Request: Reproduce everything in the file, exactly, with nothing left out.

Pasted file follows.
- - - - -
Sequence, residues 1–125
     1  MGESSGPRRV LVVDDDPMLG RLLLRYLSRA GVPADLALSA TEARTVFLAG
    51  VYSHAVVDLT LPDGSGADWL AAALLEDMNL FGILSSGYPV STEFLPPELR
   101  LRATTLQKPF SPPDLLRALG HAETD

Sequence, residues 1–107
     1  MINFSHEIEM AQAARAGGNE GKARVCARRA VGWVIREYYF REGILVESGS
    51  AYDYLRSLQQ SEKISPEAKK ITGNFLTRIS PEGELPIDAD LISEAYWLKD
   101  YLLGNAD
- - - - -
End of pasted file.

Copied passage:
Sequence, residues 1–125
     1  MGESSGPRRV LVVDDDPMLG RLLLRYLSRA GVPADLALSA TEARTVFLAG
    51  VYSHAVVDLT LPDGSGADWL AAALLEDMNL FGILSSGYPV STEFLPPELR
   101  LRATTLQKPF SPPDLLRALG HAETD

Sequence, residues 1–107
     1  MINFSHEIEM AQAARAGGNE GKARVCARRA VGWVIREYYF REGILVESGS
    51  AYDYLRSLQQ SEKISPEAKK ITGNFLTRIS PEGELPIDAD LISEAYWLKD
   101  YLLGNAD